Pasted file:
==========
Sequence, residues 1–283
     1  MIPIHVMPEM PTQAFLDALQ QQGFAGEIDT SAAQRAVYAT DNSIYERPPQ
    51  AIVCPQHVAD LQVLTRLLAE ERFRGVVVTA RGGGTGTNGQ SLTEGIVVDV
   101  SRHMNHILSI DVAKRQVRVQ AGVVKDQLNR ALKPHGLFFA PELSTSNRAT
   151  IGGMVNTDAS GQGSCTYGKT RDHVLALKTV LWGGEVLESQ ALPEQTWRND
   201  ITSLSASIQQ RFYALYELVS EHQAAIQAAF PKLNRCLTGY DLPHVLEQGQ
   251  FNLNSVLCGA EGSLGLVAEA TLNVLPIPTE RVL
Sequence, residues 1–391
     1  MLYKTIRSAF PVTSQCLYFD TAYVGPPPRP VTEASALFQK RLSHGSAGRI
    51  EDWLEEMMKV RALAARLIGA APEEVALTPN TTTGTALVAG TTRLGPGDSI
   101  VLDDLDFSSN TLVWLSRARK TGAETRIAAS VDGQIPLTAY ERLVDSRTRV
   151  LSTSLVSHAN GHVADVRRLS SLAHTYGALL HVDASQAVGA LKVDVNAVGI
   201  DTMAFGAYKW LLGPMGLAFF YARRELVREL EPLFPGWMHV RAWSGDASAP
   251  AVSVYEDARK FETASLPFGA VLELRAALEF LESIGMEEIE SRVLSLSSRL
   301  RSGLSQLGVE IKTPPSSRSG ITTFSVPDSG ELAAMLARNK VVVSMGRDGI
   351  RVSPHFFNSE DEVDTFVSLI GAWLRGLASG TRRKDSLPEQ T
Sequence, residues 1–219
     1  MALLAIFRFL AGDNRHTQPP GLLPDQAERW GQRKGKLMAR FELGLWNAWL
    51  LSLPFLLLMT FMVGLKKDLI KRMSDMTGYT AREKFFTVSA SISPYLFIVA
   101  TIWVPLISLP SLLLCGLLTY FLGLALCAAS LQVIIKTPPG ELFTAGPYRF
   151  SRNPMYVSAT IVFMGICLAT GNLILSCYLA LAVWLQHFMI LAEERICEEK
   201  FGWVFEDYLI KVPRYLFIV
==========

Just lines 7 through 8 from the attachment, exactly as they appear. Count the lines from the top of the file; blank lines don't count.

   251  FNLNSVLCGA EGSLGLVAEA TLNVLPIPTE RVL
Sequence, residues 1–391